Simmons enrolled at the Seattle University law school in 2014. The school’s dean emerita and law professor, Annette Clark, remembers clearly the first time she encountered Simmons, when she spoke up at a law-student forum called by administrators to address a series of student complaints about cultural concerns. “She talked in this very public setting about her own story, including her involvement with the criminal justice system — how those experiences shaped her life, what she’d faced in law school in terms of microaggressions and implicit bias, and her passion to help individuals who have been incarcerated re-enter into society,” Clark says. “I was blown away by her candor, her honesty, and her vulnerability. And it made a difference, because she helped us think about how we could create a healthier and more inclusive climate for all of our students, but particularly students who have been justice-involved.”
When she began her law studies, Simmons assumed she would become a trial lawyer, representing people like herself. “I thought, ‘If I can help other people with re-entry, civil, and legal issues, and make enough to provide for my kids, that would be a dream come true’,” she says.
But the environment inspired her to think further than that. “Law school exposes you to advocacy and student organizations, and how to make systemic change,” she says. She started organizing with other formerly incarcerated people and formed a community group to address common re-entry barriers, taking direction from school leaders who encouraged them to meet with lawmakers, hold workshops and support groups, and share their stories. The nonprofit CSP was formed from these humble beginnings in 2015. “We didn’t have a blueprint, we didn’t have experience,” Simmons says now. “We just learned as we went along.”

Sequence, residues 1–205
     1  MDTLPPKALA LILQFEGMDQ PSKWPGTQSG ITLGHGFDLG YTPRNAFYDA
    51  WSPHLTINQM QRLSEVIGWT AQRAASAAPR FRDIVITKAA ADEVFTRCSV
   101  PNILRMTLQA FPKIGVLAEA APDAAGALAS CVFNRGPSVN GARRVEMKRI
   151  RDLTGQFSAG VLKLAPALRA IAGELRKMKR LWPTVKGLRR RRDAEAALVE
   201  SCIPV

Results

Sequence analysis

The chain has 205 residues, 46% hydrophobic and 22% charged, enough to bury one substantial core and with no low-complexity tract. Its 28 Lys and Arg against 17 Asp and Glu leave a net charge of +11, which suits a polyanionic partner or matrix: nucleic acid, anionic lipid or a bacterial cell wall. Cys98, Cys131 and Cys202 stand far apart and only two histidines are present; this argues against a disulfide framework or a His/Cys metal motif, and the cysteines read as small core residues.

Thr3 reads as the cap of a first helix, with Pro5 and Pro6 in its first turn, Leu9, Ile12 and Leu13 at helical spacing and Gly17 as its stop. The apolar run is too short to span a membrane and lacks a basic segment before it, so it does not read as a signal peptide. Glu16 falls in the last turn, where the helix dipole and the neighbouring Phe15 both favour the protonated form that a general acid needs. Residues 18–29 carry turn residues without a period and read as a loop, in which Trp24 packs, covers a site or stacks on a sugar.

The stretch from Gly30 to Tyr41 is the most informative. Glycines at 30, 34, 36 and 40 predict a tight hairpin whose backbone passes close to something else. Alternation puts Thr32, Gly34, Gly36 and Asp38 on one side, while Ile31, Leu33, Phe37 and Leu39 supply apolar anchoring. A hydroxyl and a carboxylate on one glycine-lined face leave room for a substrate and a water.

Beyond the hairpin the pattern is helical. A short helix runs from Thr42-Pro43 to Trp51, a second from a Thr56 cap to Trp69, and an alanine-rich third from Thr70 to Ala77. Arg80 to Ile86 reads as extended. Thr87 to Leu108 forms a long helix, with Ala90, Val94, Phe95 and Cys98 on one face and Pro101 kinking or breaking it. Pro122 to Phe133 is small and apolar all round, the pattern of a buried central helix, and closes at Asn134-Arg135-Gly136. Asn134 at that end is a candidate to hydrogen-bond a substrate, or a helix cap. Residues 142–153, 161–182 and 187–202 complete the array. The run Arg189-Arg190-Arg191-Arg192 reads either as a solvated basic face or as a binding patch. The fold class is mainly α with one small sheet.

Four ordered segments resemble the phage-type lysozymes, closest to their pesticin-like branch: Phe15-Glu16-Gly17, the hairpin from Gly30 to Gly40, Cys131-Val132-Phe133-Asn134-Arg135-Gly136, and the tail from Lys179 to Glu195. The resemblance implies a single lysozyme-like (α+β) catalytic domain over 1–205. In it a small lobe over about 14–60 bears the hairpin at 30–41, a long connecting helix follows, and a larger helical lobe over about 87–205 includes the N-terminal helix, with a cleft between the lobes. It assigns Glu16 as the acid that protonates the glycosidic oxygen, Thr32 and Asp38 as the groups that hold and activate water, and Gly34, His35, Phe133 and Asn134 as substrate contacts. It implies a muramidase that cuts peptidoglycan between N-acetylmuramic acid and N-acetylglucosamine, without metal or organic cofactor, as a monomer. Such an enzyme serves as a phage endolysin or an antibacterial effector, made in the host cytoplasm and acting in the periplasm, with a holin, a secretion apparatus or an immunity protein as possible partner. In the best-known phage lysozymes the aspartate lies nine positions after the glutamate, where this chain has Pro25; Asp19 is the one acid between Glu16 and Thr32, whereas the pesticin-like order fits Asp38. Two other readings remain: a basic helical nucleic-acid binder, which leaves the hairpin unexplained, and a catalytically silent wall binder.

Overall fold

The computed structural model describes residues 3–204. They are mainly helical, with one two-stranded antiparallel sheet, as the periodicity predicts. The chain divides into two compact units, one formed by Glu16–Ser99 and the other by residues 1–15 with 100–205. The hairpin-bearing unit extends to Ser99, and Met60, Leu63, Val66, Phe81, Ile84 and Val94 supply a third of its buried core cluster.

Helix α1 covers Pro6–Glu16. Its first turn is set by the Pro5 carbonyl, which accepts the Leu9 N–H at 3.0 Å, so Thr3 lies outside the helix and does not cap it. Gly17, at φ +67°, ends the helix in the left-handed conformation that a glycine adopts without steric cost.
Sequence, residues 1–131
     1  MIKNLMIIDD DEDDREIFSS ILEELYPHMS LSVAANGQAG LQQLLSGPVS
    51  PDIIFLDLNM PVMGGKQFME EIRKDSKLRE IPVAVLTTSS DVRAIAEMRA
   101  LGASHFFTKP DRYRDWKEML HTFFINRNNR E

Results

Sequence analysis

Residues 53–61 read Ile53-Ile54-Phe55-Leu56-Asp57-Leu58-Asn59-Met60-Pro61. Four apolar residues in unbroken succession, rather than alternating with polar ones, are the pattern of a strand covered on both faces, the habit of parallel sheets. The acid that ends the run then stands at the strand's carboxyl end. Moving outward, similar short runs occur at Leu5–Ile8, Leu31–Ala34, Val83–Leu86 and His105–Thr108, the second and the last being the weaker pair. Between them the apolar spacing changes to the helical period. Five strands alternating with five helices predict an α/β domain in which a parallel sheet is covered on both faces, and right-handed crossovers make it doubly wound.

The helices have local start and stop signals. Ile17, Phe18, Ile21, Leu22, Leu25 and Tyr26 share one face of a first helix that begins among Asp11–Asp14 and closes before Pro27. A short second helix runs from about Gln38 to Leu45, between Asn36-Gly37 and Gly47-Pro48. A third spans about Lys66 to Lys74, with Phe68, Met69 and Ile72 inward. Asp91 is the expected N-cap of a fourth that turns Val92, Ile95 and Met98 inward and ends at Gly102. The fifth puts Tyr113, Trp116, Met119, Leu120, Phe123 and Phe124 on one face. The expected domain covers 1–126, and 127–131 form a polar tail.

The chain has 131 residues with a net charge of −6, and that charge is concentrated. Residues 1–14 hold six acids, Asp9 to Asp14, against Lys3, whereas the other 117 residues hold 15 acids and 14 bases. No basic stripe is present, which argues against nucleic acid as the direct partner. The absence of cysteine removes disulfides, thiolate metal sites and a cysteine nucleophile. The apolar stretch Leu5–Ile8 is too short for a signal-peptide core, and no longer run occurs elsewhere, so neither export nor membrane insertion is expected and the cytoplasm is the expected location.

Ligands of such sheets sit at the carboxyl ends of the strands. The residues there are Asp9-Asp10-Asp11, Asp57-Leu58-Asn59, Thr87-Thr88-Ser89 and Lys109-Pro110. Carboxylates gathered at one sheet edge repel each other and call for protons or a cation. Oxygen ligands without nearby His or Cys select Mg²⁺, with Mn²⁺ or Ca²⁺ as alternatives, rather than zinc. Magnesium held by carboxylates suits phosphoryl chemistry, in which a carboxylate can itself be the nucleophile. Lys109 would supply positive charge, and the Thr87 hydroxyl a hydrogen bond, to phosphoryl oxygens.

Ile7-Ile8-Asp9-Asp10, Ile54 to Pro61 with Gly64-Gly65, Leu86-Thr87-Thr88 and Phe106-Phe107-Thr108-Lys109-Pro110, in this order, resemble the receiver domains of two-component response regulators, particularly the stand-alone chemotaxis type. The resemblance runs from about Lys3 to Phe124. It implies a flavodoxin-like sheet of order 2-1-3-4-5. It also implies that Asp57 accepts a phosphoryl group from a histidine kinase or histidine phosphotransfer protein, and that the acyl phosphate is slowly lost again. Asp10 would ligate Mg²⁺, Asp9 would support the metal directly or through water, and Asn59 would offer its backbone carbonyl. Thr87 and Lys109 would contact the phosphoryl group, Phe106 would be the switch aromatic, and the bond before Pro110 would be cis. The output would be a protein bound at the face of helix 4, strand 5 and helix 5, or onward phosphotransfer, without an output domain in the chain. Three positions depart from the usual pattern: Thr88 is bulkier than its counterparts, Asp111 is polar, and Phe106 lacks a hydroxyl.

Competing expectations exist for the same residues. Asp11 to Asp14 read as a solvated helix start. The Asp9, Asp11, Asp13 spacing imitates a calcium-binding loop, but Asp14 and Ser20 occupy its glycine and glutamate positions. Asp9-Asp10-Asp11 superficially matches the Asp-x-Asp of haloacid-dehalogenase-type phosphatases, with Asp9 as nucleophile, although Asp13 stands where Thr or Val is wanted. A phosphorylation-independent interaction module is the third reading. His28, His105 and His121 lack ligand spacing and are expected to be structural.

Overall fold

Upon graduation, Simmons was offered a prestigious fellowship from the Skadden Foundation, which helps recent graduates pursue public-interest law. “No one had ever wanted to work on re-entry issues who had themselves been formerly incarcerated, and we thought that she would have immense credibility with her clients, and that she would be a great source of training for the other fellows,” says Susan Plum, the founding director and now senior advisor of the fellowship program.
However, soon after Simmons had been awarded the fellowship and graduated law school with honors, yet another door slammed in her face: the Washington State Bar Association’s Character and Fitness Board ruled that she had failed to meet the eligibility requirements to sit for the bar exam, questioning specifically her “ability to conduct oneself in a manner that engenders respect for the law” and bemoaning what they perceived as a “sense of entitlement.” Though she and her law-school mentors knew her application would be questioned and carefully reviewed by the Character & Fitness Committee, they were shocked by the “absolutely erroneous and appalling decision,” as Clark calls it now.
With both her alma mater and the Skadden Foundation lending support, Simmons fought the case all the way to the Washington Supreme Court, where she was represented by, among others, the man whose work had inspired her to go to law school in the first place: Shon Hopwood, who had been permitted to take the Washington bar exam two years earlier. The state Supreme Court unanimously rejected the board’s decision, with Justice Mary Yu writing in the opinion that “we affirm this court’s long history of recognizing that one’s past does not dictate one’s future.”
We in the legal profession believe in second chances.Annette Clark Dean emerita and law professor for Seattle University Law School
Simmons hadn’t set out to be such a public example, but in typical fashion was pleased that the decision might help other justice-involved people. “It wasn’t my first idea to [advance] systemic policy change. It was, again, having to pivot whatever life throws at me,” Simmons says. “That, in itself, was doing the thing that I wanted to do — break down barriers for formerly incarcerated people.”
“Through her pain, we ended up with a decision that provides such good case law for future applicants to the bar in our state, and also the statement by our Supreme Court — that none of us is the worst act we’ve ever committed,” says Clark. “We in the legal profession believe in second chances.”
The Light at the End of the Tunnel